Luna the pit bull terrier has a brown spot between her ears, a marking that Maritza Galindo’s children say looks like the moon, and that led them to insist that she be named after it.
Her sons, ages 3, 7, and 8, have been asking about the family dog constantly since she disappeared Thursday afternoon. They don’t know she was shot in the head and is now hospitalized, awaiting surgery.
Her children “just know she’s hurt, that she got out” of the yard, said Galindo, 23, in a phone interview Saturday. “They don’t know what else happened.”
Luna was shot late Thursday afternoon after Galindo’s mother let out the two family dogs into the yard of their Marquette Park neighborhood home to relieve themselves, Galindo said. Within minutes, Luna got out — the family still isn’t sure how — and was missing. The family mobilized to look for her.
Galindo and her sister got into their cars and started driving around the neighborhood. While they were looking, Galindo got a call from a neighbor, who told her that Luna had been shot while she was following a group of kids.
“Everybody knows her in the neighborhood,” Galindo said. “Here in the neighborhood, kids next door will come to Luna and play with her because they know she is not bad … She’s a pit bull terrier and that’s the thing: People always think they’re bad dogs by looking at them. They think they’re dangerous, but it all depends on how you raise them.”
Officers nearby heard a gunshot just after 4:15 p.m. Thursday and went to the 6600 block of South Richmond Street, where they saw a dog with a gunshot wound, according to a police spokesman. In the 2800 block of West Marquette Road, they stopped a 15-year-old boy who had been seen running from the area.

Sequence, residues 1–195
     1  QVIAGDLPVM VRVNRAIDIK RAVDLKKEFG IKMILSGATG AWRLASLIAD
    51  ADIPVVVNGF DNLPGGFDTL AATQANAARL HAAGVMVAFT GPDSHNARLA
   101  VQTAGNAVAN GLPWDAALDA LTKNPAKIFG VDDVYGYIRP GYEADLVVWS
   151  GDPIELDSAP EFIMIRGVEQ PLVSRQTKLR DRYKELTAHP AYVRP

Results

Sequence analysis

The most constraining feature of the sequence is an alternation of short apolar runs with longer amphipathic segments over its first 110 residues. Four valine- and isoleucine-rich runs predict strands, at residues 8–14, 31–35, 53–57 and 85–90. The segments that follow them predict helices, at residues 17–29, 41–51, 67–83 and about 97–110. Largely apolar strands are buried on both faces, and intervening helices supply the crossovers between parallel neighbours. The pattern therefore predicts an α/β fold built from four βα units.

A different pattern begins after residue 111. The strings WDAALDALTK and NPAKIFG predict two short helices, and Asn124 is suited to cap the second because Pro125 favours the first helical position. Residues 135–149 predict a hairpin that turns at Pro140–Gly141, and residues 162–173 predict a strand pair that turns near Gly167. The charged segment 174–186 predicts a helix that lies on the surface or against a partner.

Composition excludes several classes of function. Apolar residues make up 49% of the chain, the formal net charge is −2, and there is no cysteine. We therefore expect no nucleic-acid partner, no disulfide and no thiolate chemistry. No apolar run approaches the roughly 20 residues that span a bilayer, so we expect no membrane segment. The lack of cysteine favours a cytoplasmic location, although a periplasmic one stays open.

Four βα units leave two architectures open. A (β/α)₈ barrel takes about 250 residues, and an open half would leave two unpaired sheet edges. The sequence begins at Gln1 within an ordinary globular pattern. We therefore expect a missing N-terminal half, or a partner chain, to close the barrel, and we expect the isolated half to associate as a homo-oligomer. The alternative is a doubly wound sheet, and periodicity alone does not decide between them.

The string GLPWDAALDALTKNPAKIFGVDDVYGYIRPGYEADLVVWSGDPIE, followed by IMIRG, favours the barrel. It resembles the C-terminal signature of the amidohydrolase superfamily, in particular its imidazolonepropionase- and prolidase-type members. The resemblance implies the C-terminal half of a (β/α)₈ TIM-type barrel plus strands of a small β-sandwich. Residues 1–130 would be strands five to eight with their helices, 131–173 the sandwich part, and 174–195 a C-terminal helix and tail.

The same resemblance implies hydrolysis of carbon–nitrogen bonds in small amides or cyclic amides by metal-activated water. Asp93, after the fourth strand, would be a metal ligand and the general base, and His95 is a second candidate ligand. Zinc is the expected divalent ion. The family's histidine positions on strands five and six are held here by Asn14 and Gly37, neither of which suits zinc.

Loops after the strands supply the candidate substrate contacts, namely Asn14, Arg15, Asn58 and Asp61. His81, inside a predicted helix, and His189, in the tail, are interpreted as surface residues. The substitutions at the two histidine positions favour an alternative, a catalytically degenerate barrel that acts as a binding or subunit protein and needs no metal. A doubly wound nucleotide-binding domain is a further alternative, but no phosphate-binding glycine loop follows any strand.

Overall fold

The boy had a gun on him and told officers that he had shot the dog because he was afraid that it was going to hurt him, police said. He was taken into custody and charged as a juvenile with five felonies — aggravated use of a weapon without a state firearms identification card, theft, criminal damage of a domestic animal, aggravated cruelty to animals and reckless discharge of a firearm.
When Galindo and her sister got to the scene, Luna had already been taken away by Chicago Animal Care and Control officers, who later released Luna to Galindo, she said. Galindo rushed the dog to an animal hospital, where she was told after X-rays that a bullet was lodged between the dog’s eyes and that it would require a very delicate surgery to remove. The staff gave Galindo some pain medication for Luna and sent them home.
But Luna’s condition worsened. She was vomiting blood, her nose kept bleeding and she couldn’t eat, much less take the pain medication. The animal hospital estimated the surgery Luna needed would cost between $1,500 and $8,000 depending on what needed to be done, but Galindo didn’t have the money for it.
“I was just thinking that she is going to die and she is…